Martha Stewart eyes China
In this dynamic time there is an expanding wealth.” Martha Stewart, home lifestyle maven and television personality
When someone mentions Martha Stewart and China in the same breath, most people think they’re talking about sets of dinnerware.
But as Alibaba tweeted recently, “Martha Stewart — the queen of all things #Home — is coming to China!”
Is China ready for America’s superstar home-lifestyle maven?
Experts say the key to Martha Stewart’s potential expansion of her brand into China will be her strong local partnership with Alibaba’s Tmall platform.
Stewart made a strong showing when she headlined Alibaba’s inaugural Tmall Super Kitchen event in Shanghai at the end of September, an event that brought together 1,200 of Alibaba’s houseware partners to showcase to consumers.
Stewart, known in the US for her cooking and decorating television show, gave a keynote address at the event, which served as an introduction of her brand to Chinese customers.
Her talk was live-streamed on Tmall’s mobile app and on Youku.com, which is also owned by Alibaba.
“In this dynamic time there is an expanding wealth, and that is in turn creating a growing, young middle class with unprecedented purchasing power,” Stewart said.
“They have the opportunity to focus on quality of life within their homes, using all the wonderful new products that you can get a glimpse of here at this show today,” she added.
Her product line will face stiff competition in the Chinese consumer market, where scores of both domestic and international brands have long established a presence, experts said.
“When I heard that she was looking at the China market, one assumes she sees the growing middle class and growing opportunity to help the Chinese population learn about entertaining and home designing, as opposed to the more developed markets,” said Wendy Liebmann, CEO of WSL Strategic Retail.
“Obviously she’s thinking — which is maybe presumptuous of her — that the Chinese consumer will look to an American icon to help them think about how they should live their lives,” Liebmann said.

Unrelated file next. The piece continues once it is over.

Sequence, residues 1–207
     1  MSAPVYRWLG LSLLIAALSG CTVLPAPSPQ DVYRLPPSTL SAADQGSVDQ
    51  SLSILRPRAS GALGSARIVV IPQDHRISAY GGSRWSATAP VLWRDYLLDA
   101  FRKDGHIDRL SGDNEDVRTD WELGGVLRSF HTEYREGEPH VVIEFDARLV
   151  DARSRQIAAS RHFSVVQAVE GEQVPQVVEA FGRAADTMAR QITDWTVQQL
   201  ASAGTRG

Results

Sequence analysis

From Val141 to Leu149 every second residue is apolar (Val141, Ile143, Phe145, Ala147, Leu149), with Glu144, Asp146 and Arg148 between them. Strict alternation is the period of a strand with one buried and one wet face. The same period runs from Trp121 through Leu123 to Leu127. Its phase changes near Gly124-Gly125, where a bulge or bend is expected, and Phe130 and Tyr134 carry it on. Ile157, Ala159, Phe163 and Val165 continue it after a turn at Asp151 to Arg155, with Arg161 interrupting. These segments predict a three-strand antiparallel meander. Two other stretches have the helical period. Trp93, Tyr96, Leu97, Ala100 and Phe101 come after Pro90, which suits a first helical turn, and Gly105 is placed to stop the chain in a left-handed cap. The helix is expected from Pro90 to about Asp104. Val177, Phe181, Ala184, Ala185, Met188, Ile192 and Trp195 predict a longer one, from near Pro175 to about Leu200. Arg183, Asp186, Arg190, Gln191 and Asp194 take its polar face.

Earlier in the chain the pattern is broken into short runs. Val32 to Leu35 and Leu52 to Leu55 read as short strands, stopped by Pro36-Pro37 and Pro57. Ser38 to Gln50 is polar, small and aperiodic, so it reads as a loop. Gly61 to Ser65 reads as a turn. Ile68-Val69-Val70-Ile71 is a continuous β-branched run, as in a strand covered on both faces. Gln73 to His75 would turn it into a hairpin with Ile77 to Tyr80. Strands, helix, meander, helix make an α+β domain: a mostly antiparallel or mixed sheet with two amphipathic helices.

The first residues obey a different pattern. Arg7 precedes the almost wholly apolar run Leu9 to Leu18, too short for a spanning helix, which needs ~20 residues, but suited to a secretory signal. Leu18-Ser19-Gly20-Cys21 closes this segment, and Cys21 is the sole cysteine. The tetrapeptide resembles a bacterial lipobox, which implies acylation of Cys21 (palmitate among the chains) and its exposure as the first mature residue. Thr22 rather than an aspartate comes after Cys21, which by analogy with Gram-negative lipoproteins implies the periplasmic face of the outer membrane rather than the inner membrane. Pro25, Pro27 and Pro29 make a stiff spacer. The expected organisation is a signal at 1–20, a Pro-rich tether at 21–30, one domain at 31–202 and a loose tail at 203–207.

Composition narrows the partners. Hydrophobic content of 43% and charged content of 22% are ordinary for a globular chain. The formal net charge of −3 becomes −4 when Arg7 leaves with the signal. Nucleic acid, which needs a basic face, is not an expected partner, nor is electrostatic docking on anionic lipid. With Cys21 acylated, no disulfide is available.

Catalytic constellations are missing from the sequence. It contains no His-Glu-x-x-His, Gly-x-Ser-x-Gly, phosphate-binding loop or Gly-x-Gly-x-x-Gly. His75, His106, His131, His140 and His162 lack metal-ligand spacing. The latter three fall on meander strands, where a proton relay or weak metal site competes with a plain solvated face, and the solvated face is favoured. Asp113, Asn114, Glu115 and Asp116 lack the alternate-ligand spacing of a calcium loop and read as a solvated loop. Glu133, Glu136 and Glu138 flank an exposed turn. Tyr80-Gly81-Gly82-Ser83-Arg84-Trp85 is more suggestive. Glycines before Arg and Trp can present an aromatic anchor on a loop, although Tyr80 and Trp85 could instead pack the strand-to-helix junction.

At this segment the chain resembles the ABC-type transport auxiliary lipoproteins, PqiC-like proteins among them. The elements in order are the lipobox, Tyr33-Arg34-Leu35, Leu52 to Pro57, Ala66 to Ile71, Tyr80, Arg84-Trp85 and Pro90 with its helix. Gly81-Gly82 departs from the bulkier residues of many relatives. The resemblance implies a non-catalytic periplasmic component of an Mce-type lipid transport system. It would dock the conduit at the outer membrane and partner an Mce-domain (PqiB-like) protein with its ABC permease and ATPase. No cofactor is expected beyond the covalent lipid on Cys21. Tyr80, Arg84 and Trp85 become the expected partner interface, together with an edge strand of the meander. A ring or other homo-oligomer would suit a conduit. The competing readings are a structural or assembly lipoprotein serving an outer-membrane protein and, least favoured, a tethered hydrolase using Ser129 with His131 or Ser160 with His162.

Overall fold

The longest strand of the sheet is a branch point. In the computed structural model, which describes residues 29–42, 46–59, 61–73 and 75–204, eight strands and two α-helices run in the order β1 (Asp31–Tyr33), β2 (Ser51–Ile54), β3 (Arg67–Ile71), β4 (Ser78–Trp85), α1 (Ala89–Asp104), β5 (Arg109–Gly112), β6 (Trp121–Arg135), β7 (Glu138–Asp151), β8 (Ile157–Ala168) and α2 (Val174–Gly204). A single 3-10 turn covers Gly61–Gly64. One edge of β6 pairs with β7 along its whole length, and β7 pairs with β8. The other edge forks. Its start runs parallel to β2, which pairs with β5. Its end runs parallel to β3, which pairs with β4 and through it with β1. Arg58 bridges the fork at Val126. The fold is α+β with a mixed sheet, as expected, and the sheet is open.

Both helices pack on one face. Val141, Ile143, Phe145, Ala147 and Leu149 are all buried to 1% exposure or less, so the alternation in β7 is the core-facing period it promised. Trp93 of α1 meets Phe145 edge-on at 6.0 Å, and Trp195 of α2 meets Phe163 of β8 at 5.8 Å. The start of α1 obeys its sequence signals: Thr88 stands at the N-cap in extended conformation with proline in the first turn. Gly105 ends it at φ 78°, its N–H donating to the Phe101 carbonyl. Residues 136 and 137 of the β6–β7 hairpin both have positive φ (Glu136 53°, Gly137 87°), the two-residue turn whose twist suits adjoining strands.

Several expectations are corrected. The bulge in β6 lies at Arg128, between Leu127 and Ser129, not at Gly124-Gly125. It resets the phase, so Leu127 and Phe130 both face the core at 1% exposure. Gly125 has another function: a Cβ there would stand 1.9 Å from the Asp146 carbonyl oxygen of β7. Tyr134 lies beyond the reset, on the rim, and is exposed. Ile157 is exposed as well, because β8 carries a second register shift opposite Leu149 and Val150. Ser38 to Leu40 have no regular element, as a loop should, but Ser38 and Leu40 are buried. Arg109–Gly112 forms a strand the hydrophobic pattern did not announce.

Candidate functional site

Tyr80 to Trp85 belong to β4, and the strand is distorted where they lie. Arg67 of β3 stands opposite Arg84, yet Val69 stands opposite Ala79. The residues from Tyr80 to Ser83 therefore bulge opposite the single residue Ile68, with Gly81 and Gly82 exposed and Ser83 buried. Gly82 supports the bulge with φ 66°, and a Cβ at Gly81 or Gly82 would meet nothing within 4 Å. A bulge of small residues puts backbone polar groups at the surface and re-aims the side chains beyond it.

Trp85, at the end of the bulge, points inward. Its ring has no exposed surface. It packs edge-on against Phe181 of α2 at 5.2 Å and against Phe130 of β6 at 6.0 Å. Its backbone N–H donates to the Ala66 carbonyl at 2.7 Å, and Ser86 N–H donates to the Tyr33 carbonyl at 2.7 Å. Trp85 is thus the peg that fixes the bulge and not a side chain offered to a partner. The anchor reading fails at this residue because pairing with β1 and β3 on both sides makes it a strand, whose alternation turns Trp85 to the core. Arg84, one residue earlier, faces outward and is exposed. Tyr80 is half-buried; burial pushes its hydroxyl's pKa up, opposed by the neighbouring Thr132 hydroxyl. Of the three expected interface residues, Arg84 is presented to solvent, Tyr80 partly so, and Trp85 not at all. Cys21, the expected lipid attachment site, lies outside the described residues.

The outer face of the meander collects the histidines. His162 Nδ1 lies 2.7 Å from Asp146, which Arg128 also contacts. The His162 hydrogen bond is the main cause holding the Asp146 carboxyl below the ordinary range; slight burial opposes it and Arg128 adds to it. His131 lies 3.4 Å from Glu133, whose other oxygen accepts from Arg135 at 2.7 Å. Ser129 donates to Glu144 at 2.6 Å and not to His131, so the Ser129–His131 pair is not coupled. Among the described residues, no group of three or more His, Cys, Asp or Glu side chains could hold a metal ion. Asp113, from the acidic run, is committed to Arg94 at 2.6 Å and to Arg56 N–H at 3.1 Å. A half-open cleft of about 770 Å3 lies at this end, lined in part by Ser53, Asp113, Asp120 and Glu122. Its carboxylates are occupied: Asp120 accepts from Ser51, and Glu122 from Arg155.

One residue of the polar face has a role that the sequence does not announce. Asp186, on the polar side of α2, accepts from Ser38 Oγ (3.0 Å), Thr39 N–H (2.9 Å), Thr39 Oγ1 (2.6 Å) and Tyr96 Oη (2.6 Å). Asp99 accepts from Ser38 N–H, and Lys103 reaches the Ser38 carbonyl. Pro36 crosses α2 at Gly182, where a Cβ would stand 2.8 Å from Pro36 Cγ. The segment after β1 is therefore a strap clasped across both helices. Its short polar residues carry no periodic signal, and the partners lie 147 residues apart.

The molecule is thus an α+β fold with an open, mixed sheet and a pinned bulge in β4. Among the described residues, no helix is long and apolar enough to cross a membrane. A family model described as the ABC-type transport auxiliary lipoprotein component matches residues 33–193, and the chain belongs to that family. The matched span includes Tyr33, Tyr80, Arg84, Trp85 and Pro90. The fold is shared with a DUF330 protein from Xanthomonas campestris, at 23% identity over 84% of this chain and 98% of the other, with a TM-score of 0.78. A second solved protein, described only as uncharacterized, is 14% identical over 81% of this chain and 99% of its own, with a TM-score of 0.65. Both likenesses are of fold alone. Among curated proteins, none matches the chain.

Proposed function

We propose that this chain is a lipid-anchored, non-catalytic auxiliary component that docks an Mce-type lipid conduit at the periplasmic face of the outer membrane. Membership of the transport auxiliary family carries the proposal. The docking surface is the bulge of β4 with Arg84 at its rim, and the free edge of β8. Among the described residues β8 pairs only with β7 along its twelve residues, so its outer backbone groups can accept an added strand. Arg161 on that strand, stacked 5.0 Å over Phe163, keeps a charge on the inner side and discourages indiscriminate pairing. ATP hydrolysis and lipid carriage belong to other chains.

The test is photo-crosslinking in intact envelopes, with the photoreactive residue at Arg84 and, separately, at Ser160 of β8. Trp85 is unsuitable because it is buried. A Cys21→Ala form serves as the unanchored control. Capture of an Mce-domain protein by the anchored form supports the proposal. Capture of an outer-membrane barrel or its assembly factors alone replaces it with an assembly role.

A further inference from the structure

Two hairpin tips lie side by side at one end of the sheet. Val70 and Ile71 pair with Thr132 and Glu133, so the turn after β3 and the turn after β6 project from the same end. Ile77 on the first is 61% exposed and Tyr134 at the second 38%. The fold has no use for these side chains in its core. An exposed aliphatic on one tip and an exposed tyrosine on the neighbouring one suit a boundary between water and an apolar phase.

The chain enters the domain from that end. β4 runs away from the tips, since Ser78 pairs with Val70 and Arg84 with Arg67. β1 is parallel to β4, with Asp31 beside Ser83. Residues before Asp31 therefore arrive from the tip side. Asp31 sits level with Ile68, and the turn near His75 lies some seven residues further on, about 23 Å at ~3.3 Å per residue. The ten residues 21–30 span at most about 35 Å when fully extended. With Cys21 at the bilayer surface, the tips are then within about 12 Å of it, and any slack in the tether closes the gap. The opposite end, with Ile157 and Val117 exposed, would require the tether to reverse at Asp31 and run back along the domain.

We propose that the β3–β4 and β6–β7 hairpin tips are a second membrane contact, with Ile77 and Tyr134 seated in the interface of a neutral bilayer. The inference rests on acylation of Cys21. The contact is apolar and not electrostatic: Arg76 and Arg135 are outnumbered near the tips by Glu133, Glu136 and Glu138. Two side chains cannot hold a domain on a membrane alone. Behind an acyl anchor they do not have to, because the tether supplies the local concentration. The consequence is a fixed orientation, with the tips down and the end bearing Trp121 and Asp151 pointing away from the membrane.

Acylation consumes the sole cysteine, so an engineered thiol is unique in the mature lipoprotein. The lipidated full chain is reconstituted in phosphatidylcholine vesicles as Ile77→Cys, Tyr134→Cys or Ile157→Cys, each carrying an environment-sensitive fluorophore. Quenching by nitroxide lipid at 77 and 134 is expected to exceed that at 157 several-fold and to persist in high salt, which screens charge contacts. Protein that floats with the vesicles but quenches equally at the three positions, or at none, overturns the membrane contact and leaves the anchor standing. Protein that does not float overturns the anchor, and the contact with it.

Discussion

“Under the auspices of Alibaba with their huge position in the marketplace — both as a retailer and a brand licensing giant — one assumes that if they’re partnered with Alibaba, there is some good due diligence that’s been done,” she added.
Stewart did not go into specifics about which products will be offered in China or how they will be tailored to the market, and Alibaba declined to disclose further details.
But as John Talbott, associate director of the Center for Education and Research in Retailing at the Indiana University Kelley School of Business, put it, brand expansion into China will require a local partner who can “translate” the Martha Stewart aesthetic for the Chinese market.
“It may not be one individual company, it may be several companies that have capabilities in several categories,” he said. “That partner is going to be an expert in the Chinese market place. They’re going to combine forces — Martha is going to ensure the integrity of the brand as she envisions it stays true.”
Peng Liu, a professor at Cornell University who researches the retail industry, said that Alibaba is a suitable partner because of its extensive experience in the hospitality sector and its partnerships with other home goods brands.
“I think there’s a lot of potential,” he said. “Even though there may be competition, on the other side of the coin, the Chinese middle class still feels they’re not satisfied.
“They need more, because the population, even if a small percentage of the population likes the brand or like the designs, [Stewart could] still have a huge market,” he said.